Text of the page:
They talk about challenges they’ve faced, learning to speak English, working their way through low-paying jobs, and issues surrounding immigration.
According to a show of hands, most of the moms work and about half have legal documentation.
“It’s not that people don’t want [to have legal documentation],” Brown says. It just takes so long to weed through the bureaucracy and waiting lines to become a U.S. citizen. Meanwhile, Brown says, the mothers she sees weekly are paying taxes into a system that doesn’t recognize them as citizens, so they won’t be eligible for Social Security or Medicare benefits.
While Congress seeks to overhaul immigration laws, more than 1 million illegal immigrants enter the U.S. each year. The Pew Hispanic Center estimates that about 6 million of the 11 million illegal immigrants in the U.S. are from Mexico.
North Carolina’s Hispanic population is among the top five fastest-growing in the country, with an estimated half million Latinos — a number that quintupled over the 1990s as thousands of all races moved to North Carolina for its booming high-tech, construction and farming jobs.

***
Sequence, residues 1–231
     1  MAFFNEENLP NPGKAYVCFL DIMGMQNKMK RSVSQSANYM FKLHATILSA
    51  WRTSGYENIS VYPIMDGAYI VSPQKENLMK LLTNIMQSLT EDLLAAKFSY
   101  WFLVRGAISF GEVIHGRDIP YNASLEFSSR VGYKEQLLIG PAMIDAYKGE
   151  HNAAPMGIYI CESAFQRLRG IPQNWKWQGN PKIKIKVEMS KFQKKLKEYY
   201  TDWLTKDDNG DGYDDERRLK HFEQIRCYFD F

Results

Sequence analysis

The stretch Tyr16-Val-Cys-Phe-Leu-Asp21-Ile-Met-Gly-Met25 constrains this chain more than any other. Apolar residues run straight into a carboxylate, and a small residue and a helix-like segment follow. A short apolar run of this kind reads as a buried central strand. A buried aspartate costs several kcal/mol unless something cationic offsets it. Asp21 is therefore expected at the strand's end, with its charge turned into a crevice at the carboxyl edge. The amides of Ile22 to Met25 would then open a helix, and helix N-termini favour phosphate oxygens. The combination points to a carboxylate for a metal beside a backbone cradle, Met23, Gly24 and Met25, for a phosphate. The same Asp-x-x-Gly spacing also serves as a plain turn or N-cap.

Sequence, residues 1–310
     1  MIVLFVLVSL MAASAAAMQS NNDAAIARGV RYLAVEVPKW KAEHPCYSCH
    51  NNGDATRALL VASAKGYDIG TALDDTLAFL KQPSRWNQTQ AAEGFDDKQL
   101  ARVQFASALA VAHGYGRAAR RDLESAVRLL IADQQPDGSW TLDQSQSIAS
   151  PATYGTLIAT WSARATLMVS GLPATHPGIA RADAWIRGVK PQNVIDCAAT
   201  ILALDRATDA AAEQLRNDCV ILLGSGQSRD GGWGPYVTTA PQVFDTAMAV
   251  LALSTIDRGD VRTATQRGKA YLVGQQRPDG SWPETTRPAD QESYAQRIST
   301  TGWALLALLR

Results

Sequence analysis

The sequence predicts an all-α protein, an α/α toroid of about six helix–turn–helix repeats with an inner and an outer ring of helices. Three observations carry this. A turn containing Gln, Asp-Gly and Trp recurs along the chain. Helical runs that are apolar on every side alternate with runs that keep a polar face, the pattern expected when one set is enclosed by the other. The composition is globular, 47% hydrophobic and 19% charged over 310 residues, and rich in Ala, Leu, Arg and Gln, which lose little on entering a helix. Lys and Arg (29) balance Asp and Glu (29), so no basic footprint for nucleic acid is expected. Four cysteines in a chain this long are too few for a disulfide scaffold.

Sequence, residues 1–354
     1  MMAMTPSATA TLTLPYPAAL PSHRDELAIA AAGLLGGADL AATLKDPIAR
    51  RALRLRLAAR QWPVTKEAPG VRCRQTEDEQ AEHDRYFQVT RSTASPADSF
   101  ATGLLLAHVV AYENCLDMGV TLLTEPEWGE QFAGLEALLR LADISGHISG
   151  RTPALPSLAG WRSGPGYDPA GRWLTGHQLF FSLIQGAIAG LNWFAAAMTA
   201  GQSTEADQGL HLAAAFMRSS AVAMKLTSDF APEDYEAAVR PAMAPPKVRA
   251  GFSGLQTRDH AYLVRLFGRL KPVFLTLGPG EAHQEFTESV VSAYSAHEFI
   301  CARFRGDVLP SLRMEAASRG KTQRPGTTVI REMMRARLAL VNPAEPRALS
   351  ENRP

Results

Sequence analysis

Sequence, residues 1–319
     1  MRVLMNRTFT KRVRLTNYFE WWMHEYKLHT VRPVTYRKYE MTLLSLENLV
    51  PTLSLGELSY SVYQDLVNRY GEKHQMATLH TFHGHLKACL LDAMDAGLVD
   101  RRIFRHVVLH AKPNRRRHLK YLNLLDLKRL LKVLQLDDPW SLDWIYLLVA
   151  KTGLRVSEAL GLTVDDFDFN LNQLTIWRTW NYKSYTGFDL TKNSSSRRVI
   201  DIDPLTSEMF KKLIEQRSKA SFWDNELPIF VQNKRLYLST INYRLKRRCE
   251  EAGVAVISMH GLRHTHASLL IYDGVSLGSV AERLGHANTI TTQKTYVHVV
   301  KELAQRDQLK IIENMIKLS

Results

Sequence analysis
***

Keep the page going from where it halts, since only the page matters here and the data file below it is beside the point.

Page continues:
It is difficult to estimate the number of Latinos living in Haywood County since immigrants (primarily Mexican) come and go with the farming season as migrant workers, Brown explains. Estimates range from 3,000 to 7,000; Brown puts the figure at around 4,000.
While services have gotten much better for Latino families who work and live in Haywood County, there’s still a need for more comprehensive public transportation, child care for working parents and translators.
Sometimes not knowing the language gets you in trouble. Just ask Maria Elena, who recently had to have a hernia surgery. When she went to a Western North Carolina hospital, she used a family relative as a translator. Apparently in the language exchange, the doctor thought she had a pain on one area of her body while she felt it was on the other side. Rather than wait through further tests, she flew to Mexico to have the operation when she could have had the surgery here. It’s not that the hospitals doesn’t have available translators, Brown said. They do. Using a family relative isn’t always the most reliable form of communication, Brown explained. Just because a someone speaks Spanish and English doesn’t make that person an accurate translator.